[25]  Mulu W, Yimer M, Zenebe Y, Abera B: Common causes of vaginal infections and antibiotic susceptibility of aerobic bacterial isolates in women of reproductive age attending at Felegehiwot Referral Hospital, Ethiopia: a cross sectional study. BMC women's health 2015, 15: 42.
[26]  Hibbard LT, Snyder EN, McVann RM: Subgluteal and retropsoal infection in obstetric practice. Obstetrics and gynecology 1972, 39(1):137-150.
[27]  Regan JA, Klebanoff MA, Nugent RP: The epidemiology of group B streptococcal colonization in pregnancy. Vaginal Infections and Prematurity Study Group. Obstetrics and gynecology 1991, 77(4): 604-610.
[28]  Mohammadi R, Ataei B: Candidiasis in Pediatrics; Identification and In vitro Antifungal Susceptibility of the Clinical Isolates. Iranian journal of pediatric hematology and oncology 2016, 6(1): 43-51.
[29]  Achkar JM, Fries BC: Candida infections of the genitourinary tract. Clinical microbiology reviews 2010, 23(2):253-273.
[30]  Kiely RA, Cotter L, Mollaghan AM, Cryan B, Coffey A, Lucey B: Emergence of group B Streptococcus serotype IV in women of child-bearing age in Ireland. Epidemiology and infection 2011, 139(2):236-238.
[31]  Motlova J, Strakova L, Urbaskova P, Sak P, Sever T: Vaginal & rectal carriage of Streptococcus agalactiae in the Czech Republic: incidence, serotypes distribution & susceptibility to antibiotics. The Indian journal of medical research 2004, 119 Suppl: 84-87.
[32]  Leclair CM, Hart AE, Goetsch MF, Carpentier H, Jensen JT: Group B streptococcus: prevalence in a non-obstetric population. Journal of lower genital tract disease 2010, 14(3): 162-166.
[33]  Mengist A, Kannan H, Abdissa A: Prevalence and antimicrobial susceptibility pattern of anorectal and vaginal group B Streptococci isolates among pregnant women in Jimma, Ethiopia. BMC research notes 2016, 9: 351.
[34]  Mumtaz S, Ahmad M, Aftab I, Akhtar N, ul Hassan M, Hamid A: Aerobic vaginal pathogens and their sensitivity pattern. J Ayub Med Coll Abbottabad 2008, 20(1): 113-117.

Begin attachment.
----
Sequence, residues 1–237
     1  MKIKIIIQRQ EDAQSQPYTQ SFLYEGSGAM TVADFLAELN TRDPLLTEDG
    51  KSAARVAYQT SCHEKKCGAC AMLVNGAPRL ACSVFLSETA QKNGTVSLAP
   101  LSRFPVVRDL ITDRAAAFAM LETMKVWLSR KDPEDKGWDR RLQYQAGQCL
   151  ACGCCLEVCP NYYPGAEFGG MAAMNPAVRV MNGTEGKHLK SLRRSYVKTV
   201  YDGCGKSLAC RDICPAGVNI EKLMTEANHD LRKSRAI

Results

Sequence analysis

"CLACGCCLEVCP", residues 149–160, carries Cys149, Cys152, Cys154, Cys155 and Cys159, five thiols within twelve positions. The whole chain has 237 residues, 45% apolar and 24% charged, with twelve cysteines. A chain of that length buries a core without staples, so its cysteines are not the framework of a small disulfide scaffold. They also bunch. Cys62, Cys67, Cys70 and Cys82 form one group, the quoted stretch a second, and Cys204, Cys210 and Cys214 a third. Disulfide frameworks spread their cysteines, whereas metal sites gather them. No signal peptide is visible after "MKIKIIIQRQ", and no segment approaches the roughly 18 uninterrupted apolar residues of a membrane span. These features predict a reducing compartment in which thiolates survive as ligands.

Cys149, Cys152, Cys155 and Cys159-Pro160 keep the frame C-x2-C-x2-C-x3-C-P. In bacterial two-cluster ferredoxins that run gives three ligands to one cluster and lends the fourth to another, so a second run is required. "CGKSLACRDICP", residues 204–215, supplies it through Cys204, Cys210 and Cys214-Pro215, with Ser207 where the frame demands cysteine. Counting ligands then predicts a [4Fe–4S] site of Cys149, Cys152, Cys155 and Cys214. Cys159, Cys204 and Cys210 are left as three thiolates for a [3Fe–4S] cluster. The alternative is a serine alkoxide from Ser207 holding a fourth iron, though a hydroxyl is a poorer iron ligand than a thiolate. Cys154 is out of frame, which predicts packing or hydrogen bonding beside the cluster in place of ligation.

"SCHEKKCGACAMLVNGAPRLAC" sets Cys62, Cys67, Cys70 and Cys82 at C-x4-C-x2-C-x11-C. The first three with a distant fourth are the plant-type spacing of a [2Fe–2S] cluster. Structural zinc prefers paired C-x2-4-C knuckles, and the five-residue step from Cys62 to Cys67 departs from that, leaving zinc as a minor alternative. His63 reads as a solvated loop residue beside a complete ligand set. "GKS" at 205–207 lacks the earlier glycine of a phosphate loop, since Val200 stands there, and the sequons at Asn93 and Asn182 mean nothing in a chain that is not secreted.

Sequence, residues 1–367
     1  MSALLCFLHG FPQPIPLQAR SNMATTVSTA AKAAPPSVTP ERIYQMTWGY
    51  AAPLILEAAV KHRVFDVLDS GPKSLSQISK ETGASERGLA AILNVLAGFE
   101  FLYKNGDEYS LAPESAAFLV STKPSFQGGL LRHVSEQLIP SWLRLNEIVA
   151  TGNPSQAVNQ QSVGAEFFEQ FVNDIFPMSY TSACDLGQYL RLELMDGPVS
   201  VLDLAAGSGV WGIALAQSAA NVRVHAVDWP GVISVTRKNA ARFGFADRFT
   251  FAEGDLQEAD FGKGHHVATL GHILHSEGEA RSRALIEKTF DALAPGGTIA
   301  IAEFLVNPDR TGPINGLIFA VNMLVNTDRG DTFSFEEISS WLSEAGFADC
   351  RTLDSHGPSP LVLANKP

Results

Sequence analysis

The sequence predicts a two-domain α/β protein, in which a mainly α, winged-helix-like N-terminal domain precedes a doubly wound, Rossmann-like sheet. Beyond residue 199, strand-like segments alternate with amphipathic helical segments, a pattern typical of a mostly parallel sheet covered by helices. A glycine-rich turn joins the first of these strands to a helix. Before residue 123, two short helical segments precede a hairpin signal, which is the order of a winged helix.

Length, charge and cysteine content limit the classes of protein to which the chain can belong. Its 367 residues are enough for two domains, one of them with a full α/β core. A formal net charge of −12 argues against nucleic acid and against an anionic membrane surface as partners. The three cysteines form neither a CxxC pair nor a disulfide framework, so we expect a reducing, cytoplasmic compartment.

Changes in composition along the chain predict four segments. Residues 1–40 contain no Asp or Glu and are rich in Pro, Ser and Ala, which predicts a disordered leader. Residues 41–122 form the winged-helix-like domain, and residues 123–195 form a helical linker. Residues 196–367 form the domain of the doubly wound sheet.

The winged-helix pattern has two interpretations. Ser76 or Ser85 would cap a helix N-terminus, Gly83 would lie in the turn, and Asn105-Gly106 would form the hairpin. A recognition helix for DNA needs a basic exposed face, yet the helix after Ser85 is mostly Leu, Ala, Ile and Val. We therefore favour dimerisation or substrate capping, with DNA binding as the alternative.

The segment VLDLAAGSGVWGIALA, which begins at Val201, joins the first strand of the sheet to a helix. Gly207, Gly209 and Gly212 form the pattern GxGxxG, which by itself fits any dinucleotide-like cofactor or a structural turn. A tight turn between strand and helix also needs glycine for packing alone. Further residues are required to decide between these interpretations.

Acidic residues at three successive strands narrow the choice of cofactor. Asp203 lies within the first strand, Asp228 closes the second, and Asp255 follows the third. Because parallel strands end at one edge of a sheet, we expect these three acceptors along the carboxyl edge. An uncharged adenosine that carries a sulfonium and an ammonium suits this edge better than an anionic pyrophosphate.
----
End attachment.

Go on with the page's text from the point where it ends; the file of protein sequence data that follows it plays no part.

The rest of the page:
[35]  Abdelaziz ZA, Ibrahim ME, Bilal NE, Hamid ME: Vaginal infections among pregnant women at Omdurman Maternity Hospital in Khartoum, Sudan. Journal of infection in developing countries 2014, 8(4):490-497.
[36]  Nasri K, Chehrei A, Manavi MS: Evaluation of vaginal group B streptococcal culture results after digital vaginal examination and its pattern of antibiotic resistance in pregnant women. Iranian journal of reproductive medicine 2013, 11(12):999-1004.
[37]  Ghiasi M, Fazaeli H, Kalhor N, Sheykh-Hasan M, Tabatabaei-Qomi R: Assessing the prevalence of bacterial vaginosis among infertile women of Qom city. Iranian journal of microbiology 2014, 6(6): 404-408.
[38]  Ferjani A, Ben Abdallah H, Ben Saida N, Gozzi C, Boukadida J: [Vaginal colonization of the Streptococcus agalactiae in pregnant woman in Tunisia: risk factors and susceptibility of isolates to antibiotics]. Bull Soc Pathol Exot 2006, 99(2): 99-102.
[39]  Al-Sweih N, Jamal M, Kurdia M, Abduljabar R, Rotimi V: Antibiotic susceptibility profile of group B streptococcus (Streptococcus agalactiae) at the Maternity Hospital, Kuwait. Medical principles and practice: international journal of the Kuwait University, Health Science Centre 2005, 14(4): 260-263.
[40]  Dutra VG, Alves VM, Olendzki AN, Dias CA, de Bastos AF, Santos GO, de Amorin EL, Sousa MA, Santos R, Ribeiro PC et al: Streptococcus agalactiae in Brazil: serotype distribution, virulence determinants and antimicrobial susceptibility. BMC infectious diseases 2014, 14:323.
[41]  Capanna F, Emonet SP, Cherkaoui A, Irion O, Schrenzel J, Martinez de Tejada B: Antibiotic resistance patterns among group B Streptococcus isolates: implications for antibiotic prophylaxis for early-onset neonatal sepsis. Swiss medical weekly 2013, 143: w13778.
[42]  Berkowitz K, Regan JA, Greenberg E: Antibiotic resistance patterns of group B streptococci in pregnant women. Journal of clinical microbiology 1990, 28(1):5-7.